5 min read

Opening the RadRails Views

Some of the views that we will go through in this article are available as part of the Rails default perspective, which means you don’t need to do anything special to open them; they will appear as tabbed views in a pane at the bottom of your workbench. Just look for the tab name of the view you want to see and click on it to make it visible.

However, there are some views that are not opened by default, or maybe you closed them at some point accidentally, or maybe you changed to the Debug perspective and you want to display some of the RadRails views there. When you need to open a view whose tab is not displaying, you can go to the Window menu, and select the Show View option.

RadRails Views

If you are in the Rails perspective, all the available views will be displayed in that menu, as you can see in the screenshot above. When opening this menu from a different perspective, you will not see the RadRails views here, but you can select Other…. If this is the case, in the Show View dialog, most of the views will appear under the Ruby category, except for the Generators, Rails API, and Rake Tasks views, which are located under Rails.

Documentation Views

As happens with any modern programming language, Ruby has an extensive API. There are lots of libraries and classes and even with Ruby being an intuitive language with a neat consistent API, often we need to read the documentation.

As you probably know, Ruby provides a standard documentation format called RDoc, which uses the comments in the source code to generate documentation. We can access this RDoc documentation in different ways, mainly in HTML format through a browser or by using the command-line tool RI. This produces a plain-text output directly at the command shell, in a similar way to the man command in a UNIX system.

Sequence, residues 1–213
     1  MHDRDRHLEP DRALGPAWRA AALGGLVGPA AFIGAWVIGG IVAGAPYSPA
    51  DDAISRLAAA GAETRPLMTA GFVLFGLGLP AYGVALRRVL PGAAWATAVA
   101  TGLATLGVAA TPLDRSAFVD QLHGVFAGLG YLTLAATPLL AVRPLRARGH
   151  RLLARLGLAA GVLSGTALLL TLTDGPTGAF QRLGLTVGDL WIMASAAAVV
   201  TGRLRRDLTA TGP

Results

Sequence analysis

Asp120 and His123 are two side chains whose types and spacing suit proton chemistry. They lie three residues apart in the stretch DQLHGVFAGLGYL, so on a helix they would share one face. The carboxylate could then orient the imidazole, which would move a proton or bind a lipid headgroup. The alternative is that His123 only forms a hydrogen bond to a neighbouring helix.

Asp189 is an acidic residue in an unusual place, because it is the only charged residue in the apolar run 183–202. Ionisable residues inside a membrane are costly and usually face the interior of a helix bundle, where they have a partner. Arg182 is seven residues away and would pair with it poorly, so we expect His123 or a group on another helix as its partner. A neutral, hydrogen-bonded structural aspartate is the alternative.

RadRails doesn’t add any new functionality to the built-in documentation, but provides some convenient views so we can explore it without losing the context of our project’s source.

Ruby Interactive (RI) View

This view provides a fast and comfortable way of browsing the local documentation in the same way as you would use RI from the command line.

RadRails Views

You can look either for a class or a method name. Just start typing at the input box at the top left corner of the view and the list below will display the matching entries. That’s a nice improvement over the command line interface, since you can see the results as you type instead of having to run a complete search every time.

If you know the name of both the class and the method you are looking for, then you can write them using the hash (pound) sign as a separator. For example, to get the documentation for the sum method of the class Enumerable you would write Enumerable#sum.

The documentation will display in the right pane, with a convenient highlighting of the referenced methods and classes. Even if the search results of RI don’t look very attractive compared to the output of the HTML-based documentation views, RI has the advantage of searching locally on your computer, so you can use it even when working off-line.